Zeus and Goats: A Letter From Naxos

With three weeks remaining, I need a day of rest, so camping out on Naxos seems the right thing to do. I plan to spend a good portion of the day in Heaven, the Internet café around the corner from my (could it possibly be?) blue and white hacienda.

Pictures from my two days of wandering have already been  posted—one set from the port and central city of Chora, and one set from my erratic drive through the spinal mountains of the island.

If I misled you by saying one might visit the cave where Zeus was born, I should correct myself now. Zeus was not born on Mount Zeus on Naxos, but on Mount Ida on Crete. Perhaps his mom Rhea, having lost all her other babies to her devouring hubby, decided to keep the baby godlet (I do hope that’s a new word) safe by spiriting him off from island to island for his inaugural tour. I visited Mount Zeus yesterday and took the long, winding, climbing path up towards the cave. The sights (and photos) are only one fraction of the delights. The breeze on such a hot day was as great a blessing as the shady grove surrounding the mountain-fed spring of delicious drinking water. (The water in the port smells manufactured, so the coffee is horrid.) Cicadas greet every visitor, grow timorous and fall silent as he comes near, and mockingly start up again as soon as he passes. Thus, every tree has a vigorous vocal life most of the day. And then there are the goats. At one particularly terrifying curve in the long road up, up, up to the cave area, the guard rail ends just as the road makes a deep bend, the gravel seems to loosen under your tires, centrifugal force entices you to the verge, and your stomach reckons that the fall ‘perpendicularly down,’ as Edgar describes the Dover cliffs to his blinded dad, is about twenty miles, at that very spot there is affixed to the cliff side a Goat Crossing sign. No kidding. Happily, goats did not block my road for some hours yet to come, and that was on a road safe enough for goats and thee, loves.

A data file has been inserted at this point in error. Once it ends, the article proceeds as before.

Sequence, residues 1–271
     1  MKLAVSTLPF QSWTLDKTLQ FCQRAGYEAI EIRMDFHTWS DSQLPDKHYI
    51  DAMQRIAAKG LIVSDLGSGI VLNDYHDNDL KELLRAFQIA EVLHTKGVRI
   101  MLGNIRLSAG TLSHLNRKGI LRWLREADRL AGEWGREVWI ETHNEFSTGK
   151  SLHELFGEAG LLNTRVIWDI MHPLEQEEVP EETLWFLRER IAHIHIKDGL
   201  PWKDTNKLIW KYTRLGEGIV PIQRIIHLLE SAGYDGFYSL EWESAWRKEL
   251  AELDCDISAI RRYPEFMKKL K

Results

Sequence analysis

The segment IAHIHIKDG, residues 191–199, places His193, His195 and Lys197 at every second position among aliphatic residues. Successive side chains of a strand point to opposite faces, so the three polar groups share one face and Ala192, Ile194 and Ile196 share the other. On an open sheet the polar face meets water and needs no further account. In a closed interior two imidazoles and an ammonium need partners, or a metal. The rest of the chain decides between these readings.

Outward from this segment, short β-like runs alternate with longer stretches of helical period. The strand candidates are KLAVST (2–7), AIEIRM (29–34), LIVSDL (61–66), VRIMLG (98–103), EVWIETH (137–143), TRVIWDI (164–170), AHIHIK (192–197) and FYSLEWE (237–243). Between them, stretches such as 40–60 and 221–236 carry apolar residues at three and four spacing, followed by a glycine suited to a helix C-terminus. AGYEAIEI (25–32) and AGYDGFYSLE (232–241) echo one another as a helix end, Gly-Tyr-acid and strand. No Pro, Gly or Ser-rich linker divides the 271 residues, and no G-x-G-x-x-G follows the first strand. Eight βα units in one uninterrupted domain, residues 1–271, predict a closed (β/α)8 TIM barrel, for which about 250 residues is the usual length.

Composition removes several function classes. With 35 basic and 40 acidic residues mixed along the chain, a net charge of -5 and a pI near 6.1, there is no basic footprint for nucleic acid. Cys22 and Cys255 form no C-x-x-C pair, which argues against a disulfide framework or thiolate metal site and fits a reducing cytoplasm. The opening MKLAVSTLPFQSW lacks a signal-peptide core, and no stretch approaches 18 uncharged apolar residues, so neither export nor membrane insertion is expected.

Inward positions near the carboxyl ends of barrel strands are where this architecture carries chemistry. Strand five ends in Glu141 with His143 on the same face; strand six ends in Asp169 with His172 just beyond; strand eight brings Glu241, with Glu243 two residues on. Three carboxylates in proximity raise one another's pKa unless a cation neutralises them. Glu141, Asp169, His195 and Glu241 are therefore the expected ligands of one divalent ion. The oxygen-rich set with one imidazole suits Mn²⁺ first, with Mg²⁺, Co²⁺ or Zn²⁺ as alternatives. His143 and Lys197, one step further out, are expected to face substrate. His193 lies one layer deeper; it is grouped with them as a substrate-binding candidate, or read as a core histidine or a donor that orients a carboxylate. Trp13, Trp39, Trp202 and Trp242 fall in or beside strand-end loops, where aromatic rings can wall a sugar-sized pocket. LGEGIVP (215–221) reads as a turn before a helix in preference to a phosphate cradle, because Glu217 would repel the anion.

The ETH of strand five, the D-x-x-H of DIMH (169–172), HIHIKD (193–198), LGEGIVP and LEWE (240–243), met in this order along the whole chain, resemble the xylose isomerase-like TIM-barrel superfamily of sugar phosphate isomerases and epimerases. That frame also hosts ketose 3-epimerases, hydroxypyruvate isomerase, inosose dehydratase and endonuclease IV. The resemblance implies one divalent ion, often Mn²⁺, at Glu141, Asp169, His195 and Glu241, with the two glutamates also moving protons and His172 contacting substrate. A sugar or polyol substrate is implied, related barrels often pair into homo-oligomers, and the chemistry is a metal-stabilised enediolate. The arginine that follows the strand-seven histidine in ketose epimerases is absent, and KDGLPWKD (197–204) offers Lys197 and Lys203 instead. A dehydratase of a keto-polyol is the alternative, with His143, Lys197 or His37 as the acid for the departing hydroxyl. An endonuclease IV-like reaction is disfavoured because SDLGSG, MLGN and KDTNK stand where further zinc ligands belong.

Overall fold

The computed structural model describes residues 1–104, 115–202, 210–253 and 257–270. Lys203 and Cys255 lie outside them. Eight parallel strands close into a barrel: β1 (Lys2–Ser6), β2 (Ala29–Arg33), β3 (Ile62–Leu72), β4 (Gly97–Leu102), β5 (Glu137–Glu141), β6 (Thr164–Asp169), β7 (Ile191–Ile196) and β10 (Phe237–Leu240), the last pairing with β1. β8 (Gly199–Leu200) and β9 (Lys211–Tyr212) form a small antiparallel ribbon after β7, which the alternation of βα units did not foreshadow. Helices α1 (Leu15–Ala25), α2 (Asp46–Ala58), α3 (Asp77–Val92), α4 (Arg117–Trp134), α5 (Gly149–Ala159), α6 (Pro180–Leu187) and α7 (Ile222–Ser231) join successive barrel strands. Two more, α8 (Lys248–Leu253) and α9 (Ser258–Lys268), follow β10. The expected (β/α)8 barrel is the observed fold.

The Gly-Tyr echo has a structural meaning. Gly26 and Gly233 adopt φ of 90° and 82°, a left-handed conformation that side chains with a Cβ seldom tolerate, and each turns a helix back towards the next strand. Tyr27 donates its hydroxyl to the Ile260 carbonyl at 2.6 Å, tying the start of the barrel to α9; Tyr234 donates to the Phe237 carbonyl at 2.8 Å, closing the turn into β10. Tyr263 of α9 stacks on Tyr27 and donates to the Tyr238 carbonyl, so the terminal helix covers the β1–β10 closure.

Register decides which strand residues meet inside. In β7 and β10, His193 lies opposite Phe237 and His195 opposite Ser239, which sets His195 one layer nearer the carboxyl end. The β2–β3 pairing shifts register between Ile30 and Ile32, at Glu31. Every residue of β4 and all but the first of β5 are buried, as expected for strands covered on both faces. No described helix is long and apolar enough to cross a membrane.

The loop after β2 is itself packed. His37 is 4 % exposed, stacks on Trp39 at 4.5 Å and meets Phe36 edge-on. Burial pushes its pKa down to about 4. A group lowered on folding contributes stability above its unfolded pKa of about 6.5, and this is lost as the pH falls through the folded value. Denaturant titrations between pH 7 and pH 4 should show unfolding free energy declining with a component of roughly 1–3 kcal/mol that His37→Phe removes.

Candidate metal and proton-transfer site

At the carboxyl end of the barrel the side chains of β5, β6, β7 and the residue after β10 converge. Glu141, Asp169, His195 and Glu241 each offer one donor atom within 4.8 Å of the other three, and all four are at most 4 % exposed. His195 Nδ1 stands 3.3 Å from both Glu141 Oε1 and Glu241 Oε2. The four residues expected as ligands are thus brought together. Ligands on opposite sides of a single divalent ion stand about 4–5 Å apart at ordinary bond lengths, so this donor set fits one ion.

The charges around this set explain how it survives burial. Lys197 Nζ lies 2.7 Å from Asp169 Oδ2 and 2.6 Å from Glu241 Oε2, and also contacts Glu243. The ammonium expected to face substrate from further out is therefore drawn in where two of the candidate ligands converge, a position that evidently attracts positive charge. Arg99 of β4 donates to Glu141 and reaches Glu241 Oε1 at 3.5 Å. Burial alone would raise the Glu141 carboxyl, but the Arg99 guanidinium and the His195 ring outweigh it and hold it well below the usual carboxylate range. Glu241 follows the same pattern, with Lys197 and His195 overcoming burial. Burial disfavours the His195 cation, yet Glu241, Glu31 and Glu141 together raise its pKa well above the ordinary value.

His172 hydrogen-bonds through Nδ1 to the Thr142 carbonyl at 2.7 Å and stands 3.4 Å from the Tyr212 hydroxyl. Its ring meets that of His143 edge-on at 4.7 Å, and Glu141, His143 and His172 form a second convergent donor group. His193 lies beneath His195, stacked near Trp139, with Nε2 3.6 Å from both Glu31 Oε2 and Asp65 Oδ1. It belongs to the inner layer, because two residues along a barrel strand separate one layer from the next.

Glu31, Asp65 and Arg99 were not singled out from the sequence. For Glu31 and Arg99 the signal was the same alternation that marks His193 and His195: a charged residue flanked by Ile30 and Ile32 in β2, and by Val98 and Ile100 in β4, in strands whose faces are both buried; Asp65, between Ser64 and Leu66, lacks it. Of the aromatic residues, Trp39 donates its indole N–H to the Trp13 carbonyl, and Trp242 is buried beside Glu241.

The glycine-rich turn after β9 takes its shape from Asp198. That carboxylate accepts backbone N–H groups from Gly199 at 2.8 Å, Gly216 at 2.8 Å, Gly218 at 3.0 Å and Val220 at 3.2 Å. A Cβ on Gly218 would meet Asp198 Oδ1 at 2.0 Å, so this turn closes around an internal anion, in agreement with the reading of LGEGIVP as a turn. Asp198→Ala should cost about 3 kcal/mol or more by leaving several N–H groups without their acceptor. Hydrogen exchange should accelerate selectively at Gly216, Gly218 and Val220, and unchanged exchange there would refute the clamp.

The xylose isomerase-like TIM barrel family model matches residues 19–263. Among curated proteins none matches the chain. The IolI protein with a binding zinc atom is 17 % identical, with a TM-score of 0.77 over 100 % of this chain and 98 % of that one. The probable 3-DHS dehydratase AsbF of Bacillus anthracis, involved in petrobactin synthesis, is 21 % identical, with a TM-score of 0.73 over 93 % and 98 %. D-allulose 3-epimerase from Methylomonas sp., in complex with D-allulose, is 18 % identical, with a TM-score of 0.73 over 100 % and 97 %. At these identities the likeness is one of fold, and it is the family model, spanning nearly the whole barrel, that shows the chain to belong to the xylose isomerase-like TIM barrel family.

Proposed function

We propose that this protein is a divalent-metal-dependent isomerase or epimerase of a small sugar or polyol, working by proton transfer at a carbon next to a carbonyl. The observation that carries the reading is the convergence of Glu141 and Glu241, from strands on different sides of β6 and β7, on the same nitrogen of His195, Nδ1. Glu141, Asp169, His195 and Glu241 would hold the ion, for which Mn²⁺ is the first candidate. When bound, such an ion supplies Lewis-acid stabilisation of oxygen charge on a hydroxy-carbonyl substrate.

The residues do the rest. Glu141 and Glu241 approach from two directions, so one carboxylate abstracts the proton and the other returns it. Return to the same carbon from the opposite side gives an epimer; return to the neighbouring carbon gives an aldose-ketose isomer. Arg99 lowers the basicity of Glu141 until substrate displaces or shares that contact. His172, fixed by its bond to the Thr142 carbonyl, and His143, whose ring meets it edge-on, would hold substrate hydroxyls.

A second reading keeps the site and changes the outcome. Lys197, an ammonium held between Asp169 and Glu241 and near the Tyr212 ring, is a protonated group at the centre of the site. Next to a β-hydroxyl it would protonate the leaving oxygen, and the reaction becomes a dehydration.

Anyway, I was talking about sounds and goats. Every goat I saw, and that was hundreds, wore a bell, large as a cowbell, and useful as a GPS tracking device. These melodious bells were tuned to so many different pitches, timbres, depths, resonances that scales tumbled over melodies and chords bounced from stone to stone as the animals sought out some succulent thistle where the very tugging at the purple fodder produced a glissando throughout the feeding herd. The cicadas and even the songbirds gamely tried to keep up their ends of the musical bargain, but goat bells ruled the day, the mountain, and my affections.

A note on churches: I’ve often thought that the ultimate function of theology was to drive anyone away from religion who paid attention to the arcane arguments and proofs of what might otherwise be open to simple faith alone. This may be why Christ suffered the children but not the theologians and PhDs to come unto him. Naxos provides another kind of proof. The island is not without inaccessible peaks, and atop some, hundreds and hundreds of feet up sheer cliffs, stand tiny chapels for two or four or six parishioners. It would take most of Saturday to arrive on time for Sunday mass, and you’d barely get home in time for Lent. I can see a whole new set of penances for my petty sins: “Say three hail Marys and climb to St. Stephens every Tuesday for a month.”  Bless me.

And you, too.

May your legs stay sturdy.

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